From midday on Tuesday 27th November to midday on Tuesday 4th December, have your Christmas donation doubled through the Big Give’s Christmas Challenge.
We’re pleased to announce that Cure EB is joining three other EB charities to fund the clinical development of a new anti-fibrotic drug called TXA127.
Scientists at the Sidney Kimmel Cancer Center at Jefferson University have discovered the cause of aggressive skin cancers in Recessive Dystrophic Epidermolysis Bullosa (RDEB)
Click to see report from Jefferson University
(source: www.raredr.com, May 10th 2018)
(source: eurekaalert.org, April 12th 2018)
(source: BBC News, 8th November 2017)
Sohana speaking at #WEDay UK on 9 March 2016
Lenticol -M Mesenchymal Stromal Cells engineered to express Collagen VII for the treatment of RDEB
Dr Waseem Qasim, Professor J McGrath, Francesco Dazzi
Further info A trial is currently underway to test the ability of fibroblasts to provide collagen VII in the skin of patients with RDEB. The trial will provide important information on the safety and feasibility of localised injections of engineered cells into the skin. We now want to prepare for a more generalised approach using bone marrow derived cells called MSCs. This project aims to develop reagents and to test gene engineering of MSCs. It will include production of lentiviral vector and testing in an animal model, using human skin grafts from EB patients.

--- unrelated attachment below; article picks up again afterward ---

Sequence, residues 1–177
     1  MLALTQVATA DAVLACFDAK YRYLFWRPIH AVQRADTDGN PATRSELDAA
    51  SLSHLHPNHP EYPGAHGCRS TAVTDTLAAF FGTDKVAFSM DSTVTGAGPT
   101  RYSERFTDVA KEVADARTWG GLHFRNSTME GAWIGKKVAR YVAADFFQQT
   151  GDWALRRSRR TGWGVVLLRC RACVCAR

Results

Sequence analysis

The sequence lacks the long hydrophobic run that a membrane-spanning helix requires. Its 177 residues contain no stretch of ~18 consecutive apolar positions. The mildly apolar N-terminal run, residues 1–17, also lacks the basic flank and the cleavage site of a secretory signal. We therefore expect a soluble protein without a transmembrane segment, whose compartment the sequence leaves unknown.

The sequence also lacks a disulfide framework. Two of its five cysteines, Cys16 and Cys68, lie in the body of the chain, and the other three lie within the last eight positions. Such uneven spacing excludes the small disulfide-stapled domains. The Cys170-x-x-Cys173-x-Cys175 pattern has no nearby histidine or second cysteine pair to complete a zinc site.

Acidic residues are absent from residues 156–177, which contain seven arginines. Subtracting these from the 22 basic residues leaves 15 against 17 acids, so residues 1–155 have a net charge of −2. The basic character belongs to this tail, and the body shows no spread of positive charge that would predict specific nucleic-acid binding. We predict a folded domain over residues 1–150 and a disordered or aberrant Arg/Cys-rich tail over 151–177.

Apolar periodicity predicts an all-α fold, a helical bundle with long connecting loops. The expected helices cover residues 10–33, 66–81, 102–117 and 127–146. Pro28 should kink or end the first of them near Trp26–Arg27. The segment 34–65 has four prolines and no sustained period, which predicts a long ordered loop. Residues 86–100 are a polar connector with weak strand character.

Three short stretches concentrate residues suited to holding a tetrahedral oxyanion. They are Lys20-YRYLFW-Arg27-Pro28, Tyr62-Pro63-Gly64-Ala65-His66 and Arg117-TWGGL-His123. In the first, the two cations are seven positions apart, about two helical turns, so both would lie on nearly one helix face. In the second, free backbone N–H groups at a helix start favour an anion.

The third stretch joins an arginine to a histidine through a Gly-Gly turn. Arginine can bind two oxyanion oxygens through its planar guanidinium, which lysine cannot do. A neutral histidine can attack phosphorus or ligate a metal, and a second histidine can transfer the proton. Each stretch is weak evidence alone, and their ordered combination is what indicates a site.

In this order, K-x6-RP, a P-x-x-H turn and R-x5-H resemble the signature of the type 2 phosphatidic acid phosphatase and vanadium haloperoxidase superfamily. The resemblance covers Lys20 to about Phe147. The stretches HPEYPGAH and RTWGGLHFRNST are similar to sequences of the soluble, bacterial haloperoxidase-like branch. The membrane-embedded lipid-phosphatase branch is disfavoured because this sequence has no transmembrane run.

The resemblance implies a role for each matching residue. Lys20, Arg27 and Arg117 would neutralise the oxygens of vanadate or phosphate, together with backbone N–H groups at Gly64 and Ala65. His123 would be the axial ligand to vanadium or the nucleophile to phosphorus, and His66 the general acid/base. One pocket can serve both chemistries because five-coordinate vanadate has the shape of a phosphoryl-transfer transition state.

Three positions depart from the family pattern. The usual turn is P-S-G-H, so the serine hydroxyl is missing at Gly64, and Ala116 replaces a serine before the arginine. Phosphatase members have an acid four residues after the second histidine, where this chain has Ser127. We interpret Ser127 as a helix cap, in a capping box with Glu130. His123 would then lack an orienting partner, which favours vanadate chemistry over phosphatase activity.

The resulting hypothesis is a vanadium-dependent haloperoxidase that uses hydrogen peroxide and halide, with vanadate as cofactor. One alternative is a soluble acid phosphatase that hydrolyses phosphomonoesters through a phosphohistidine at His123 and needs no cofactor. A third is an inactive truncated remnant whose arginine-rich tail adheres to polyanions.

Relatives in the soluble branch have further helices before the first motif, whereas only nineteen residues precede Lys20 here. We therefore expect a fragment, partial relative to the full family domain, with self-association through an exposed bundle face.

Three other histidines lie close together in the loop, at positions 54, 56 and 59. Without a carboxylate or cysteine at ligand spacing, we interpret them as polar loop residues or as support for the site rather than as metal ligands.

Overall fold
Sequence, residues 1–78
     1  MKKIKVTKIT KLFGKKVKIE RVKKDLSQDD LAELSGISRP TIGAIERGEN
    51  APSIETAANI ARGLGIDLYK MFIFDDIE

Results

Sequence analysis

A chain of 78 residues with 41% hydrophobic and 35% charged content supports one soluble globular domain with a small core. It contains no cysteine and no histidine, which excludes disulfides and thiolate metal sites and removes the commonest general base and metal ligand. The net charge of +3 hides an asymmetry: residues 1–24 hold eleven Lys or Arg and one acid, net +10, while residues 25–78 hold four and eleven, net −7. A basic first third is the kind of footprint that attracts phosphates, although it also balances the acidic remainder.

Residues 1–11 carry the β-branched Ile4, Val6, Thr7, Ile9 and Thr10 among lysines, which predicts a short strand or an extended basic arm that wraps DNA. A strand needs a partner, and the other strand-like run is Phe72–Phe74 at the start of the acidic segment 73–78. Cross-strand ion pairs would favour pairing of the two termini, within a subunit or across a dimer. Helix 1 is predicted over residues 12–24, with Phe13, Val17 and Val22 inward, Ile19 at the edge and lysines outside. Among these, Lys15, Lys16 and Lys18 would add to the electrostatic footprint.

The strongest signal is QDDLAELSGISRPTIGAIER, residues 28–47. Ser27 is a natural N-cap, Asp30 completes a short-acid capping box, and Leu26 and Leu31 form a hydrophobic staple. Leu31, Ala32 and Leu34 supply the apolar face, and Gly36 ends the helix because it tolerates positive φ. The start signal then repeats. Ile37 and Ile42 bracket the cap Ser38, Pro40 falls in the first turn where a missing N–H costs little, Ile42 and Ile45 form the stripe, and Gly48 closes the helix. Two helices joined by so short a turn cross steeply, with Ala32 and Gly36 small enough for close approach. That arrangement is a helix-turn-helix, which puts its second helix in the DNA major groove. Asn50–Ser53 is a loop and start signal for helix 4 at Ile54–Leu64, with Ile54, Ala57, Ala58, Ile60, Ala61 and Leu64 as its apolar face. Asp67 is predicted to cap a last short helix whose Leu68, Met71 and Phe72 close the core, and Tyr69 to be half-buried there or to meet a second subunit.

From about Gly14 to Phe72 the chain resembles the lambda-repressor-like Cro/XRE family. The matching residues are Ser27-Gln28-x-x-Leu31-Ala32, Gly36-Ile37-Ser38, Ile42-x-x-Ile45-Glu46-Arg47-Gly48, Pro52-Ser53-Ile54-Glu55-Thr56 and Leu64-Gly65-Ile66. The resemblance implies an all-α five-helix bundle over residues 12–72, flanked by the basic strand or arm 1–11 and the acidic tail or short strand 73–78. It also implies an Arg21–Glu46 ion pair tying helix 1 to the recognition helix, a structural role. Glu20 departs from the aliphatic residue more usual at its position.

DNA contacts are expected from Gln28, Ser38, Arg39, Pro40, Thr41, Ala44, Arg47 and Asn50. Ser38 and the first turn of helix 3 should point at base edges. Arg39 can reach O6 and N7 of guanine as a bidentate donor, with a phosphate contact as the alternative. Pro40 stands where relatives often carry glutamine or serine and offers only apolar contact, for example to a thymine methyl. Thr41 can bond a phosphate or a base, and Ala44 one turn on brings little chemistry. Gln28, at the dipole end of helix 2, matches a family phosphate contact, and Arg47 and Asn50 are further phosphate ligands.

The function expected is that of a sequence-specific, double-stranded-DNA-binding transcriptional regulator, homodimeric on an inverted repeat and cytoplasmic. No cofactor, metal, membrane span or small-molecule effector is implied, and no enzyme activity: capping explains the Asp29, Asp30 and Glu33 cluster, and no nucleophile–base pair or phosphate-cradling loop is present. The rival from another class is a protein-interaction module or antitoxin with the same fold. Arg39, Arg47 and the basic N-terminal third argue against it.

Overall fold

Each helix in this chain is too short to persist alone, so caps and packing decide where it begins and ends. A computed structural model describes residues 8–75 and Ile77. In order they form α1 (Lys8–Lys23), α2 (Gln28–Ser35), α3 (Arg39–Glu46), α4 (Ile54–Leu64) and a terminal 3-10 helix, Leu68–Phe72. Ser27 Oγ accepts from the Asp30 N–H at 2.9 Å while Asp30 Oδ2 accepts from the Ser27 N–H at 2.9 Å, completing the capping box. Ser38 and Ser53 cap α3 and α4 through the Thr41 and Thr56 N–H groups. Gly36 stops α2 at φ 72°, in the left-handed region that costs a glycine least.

Deep Sequencing Recessive Dystrophic Epidermolysis Bullosa Squamous Cell Carcinoma
Dr Andrew South (Thomas Jefferson University) and Dr Raymond Cho (Department of Dermatology, University of California)
Patients with recessive dystrophic epidermolysis bullosa (RDEB) frequently develop aggressive, life-threatening cutaneous squamous cell carcinoma (cSCC). Although mechanisms have been proposed to explain why patients suffer this fatal complication, testing such hypotheses requires knowledge of which mutations contribute to the development of RDEB cSCCs. Identifying the mutational landscape of RDEB cSCCs should provide critical insight on how a cancer can develop so quickly in the absence of lifelong sun exposure and DNA damage. Understanding such mechanisms should elucidate modes of prevention and early detection unique to these patients. An increasing number of chemotherapies targeting specific gene mutations are currently in clinical use or development, thus sequencing these cancers may match a known treatment to RDEB patients. This project proposes to sequence 30 RDEB cSCC tumors and matched germ line DNA. This project aims to find tractable therapy options or targets for future development, both clinically and experimentally.